comparable relief” to a denial-of-benefits claim “under the guise of a claim for breach of fiduciary duty.” Id. The court concluded with its preliminary assessment of the relief plaintiff requests: The relief that Kenseth truly seems to seek is relief that is legal rather than equitable in nature. Her complaint, for example, alleges that she has suffered a pecuniary loss and other consequential damages as a result of Dean's actions. R. 8 ¶¶ 32-33. This would be consistent with our earlier discussion of the ways in which a jury might find that Kenseth was harmed by Dean's alleged breach of fiduciary duty. Supra at 481. But this is the sort of make-whole relief that is not typically equitable in nature and is thus beyond the scope of relief that a court may award pursuant to section 1132(a)(3). Id. It is not entirely clear how this court should treat the discussion of the court of appeals. The discussion is dicta and therefore not binding, but it is “considered dicta,” which 6

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generally “provides the best, though not an infallible, guide to what the law is, and it will ordinarily be the duty of a lower court to be guided by it.” Reich v. Continental Casualty Co., 33 F.3d 754, 757 (7th Cir. 1994). It is clear from its discussion that the court of appeals has strong doubts about the availability of appropriate equitable relief in this case. Thus, it is plaintiff’s burden to show that the court “overlooked some point that might have altered its view.” Id. Plaintiff has failed to do this.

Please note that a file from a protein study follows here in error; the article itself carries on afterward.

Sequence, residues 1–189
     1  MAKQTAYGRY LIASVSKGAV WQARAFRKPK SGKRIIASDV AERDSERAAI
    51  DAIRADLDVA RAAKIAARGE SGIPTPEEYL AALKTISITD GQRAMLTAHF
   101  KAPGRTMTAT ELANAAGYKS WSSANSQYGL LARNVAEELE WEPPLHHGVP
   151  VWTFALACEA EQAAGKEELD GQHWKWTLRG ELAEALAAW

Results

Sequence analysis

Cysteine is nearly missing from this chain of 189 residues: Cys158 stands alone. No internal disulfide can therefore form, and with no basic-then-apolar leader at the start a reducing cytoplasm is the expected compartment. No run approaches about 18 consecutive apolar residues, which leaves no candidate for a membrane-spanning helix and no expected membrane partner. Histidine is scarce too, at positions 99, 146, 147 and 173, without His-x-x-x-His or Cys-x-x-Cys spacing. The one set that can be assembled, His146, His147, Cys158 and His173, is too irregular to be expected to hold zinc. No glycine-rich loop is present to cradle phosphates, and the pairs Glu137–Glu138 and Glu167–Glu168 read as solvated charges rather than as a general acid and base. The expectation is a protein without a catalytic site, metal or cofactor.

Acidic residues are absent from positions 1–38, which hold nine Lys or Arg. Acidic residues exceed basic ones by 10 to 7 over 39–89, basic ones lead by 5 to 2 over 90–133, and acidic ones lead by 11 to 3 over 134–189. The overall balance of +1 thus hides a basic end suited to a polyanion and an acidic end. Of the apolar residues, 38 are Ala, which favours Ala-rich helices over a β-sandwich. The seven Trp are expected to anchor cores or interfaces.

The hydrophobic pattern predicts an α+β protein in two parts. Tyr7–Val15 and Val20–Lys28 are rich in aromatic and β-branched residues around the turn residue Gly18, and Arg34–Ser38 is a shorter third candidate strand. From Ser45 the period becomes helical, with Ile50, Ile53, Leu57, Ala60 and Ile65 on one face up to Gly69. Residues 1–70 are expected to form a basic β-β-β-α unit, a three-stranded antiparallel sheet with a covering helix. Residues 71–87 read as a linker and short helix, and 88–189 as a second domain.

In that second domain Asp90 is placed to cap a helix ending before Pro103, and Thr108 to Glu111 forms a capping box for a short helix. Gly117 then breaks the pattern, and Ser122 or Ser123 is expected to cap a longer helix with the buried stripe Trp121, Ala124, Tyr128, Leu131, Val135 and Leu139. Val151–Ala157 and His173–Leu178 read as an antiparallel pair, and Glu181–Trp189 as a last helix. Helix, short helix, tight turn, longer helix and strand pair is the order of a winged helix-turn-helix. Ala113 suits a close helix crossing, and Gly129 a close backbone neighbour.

1. Medical expenses Unfortunately, plaintiff and the Secretary are imprecise in their description of the relief to which they believe plaintiff is entitled. In her second amended complaint, plaintiff requests various forms of relief that would require defendant or affiliated companies to pay her medical expenses, but in her briefs she groups these into two basic categories: • “an injunction requiring [defendant] to hold [plaintiff] harmless for the cost of her surgery and treatment, or, in the alternative, hold her harmless for any costs in excess of the amount [defendant] would have paid if the surgery and treatment had been covered”; “an injunction requiring [defendant] to provide her the same relief the plan provided to other participants who were mistakenly informed there was coverage when in fact the plan did not provide coverage.”

Plt.’s Br., dkt. #66, at 20, 24. Although plaintiff attempts to depict these potential remedies as “injunctions,” it is